Finding and reading papers

Understanding what others have done is critical to being able to identify problems, improve how you solve problems, and communicate how your solutions relate to what has been done before. Here are a few sites that facilitate finding both published and not (yet) published academic papers. Additionally, many researchers link to their published papers off of their website.

  • Google Scholar: Search tailored to academic papers. To search for a particular author, use author:"Author Name"
  • arXiv (pronounced "archive"): Many researchers post preprints (not yet published papers) here.
  • CiteSeer: Another site for searching for papers; in general, I find Google Scholar to offer better search capabilities, but CiteSeer also caches papers, so it is often the easiest way to find a copy of a paper.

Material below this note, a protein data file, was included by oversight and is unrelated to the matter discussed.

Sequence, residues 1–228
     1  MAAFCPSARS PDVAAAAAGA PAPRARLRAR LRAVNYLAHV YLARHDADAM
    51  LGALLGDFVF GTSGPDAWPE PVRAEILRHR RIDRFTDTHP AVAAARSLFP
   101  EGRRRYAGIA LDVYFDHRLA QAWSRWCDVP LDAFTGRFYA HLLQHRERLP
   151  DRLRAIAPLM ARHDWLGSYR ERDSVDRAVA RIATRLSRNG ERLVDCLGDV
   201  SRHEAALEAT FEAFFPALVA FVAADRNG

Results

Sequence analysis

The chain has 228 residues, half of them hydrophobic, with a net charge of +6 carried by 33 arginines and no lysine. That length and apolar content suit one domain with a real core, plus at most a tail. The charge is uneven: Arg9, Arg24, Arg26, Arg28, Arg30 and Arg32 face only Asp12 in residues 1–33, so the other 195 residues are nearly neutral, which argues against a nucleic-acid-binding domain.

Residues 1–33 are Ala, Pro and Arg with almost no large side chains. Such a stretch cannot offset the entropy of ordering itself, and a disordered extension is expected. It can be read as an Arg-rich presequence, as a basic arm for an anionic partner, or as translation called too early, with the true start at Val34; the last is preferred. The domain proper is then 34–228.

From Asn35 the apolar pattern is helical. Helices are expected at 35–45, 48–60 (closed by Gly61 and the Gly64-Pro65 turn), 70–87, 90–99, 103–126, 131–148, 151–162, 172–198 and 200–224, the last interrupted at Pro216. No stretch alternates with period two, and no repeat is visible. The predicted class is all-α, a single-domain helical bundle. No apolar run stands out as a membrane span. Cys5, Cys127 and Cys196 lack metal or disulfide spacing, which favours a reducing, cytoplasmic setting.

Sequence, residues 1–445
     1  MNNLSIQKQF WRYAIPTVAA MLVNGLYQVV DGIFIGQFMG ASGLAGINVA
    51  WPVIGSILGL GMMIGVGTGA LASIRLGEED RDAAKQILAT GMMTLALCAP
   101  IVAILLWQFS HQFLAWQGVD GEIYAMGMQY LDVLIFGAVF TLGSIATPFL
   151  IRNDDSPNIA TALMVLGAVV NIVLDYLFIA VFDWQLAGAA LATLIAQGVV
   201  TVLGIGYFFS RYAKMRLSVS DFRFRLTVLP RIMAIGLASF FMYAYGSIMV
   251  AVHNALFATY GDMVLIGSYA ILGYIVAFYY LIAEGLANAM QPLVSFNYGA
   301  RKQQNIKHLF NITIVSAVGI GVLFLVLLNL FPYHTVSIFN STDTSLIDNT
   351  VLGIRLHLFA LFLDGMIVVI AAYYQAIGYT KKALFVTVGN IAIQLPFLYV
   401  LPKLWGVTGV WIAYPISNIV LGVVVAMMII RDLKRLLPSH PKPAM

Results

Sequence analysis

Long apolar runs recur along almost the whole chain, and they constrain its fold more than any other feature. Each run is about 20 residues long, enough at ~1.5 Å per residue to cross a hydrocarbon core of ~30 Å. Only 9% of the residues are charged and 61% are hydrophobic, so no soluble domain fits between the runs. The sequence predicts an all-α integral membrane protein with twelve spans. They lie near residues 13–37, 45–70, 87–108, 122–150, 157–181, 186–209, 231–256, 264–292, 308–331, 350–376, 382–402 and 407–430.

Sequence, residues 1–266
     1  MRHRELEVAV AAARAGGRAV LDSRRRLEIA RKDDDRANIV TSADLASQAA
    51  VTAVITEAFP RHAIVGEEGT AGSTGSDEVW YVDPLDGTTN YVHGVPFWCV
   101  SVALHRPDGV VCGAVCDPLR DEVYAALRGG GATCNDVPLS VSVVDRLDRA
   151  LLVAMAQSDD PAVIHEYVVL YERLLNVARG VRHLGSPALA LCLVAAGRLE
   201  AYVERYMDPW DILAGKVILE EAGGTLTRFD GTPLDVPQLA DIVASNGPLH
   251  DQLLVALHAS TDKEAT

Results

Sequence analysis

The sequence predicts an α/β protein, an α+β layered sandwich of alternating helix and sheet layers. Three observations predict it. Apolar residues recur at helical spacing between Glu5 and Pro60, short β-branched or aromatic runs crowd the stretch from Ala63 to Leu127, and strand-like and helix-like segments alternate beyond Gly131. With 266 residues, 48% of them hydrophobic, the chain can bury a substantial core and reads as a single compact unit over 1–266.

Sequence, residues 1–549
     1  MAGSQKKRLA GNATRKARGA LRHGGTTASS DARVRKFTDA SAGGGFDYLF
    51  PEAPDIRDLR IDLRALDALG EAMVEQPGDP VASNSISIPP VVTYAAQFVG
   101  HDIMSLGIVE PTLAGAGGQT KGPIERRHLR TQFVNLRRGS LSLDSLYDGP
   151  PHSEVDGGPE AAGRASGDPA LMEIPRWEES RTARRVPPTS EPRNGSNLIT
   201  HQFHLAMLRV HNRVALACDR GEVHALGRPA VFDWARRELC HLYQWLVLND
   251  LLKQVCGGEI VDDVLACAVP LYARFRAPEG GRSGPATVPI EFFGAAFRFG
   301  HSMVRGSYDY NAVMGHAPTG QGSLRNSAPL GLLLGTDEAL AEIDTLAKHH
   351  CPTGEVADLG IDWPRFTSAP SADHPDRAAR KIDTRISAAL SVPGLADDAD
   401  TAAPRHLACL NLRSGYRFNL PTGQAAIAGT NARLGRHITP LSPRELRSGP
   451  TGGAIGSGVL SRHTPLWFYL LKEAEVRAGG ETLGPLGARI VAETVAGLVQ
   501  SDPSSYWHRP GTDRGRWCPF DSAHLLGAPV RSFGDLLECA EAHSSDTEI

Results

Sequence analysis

• ACM Digital Library: Often the official location for papers published at ACM conferences. Papers are freely available when accessed from the campus network, but not necessarily otherwise. Fortunately, there are usually other sites (e.g., the authors' websites) that have free PDFs.

General advice

There are many helpful pieces of advice out there; here are a few that ring true with me.

Above all, though, seek advice in person: from your classmates, your professors, your friends and family members... Be open to others' advice, seek it out. Just remember that advice is not command: incorporate the advice you receive into your own unique perspective, and share it to help shape others'.

Typesetting documents

Most researchers write their papers using LaTeX. Getting to know this tool will make it easier to jump right into working with a research group. Here are some resources to help you learn and master LaTeX.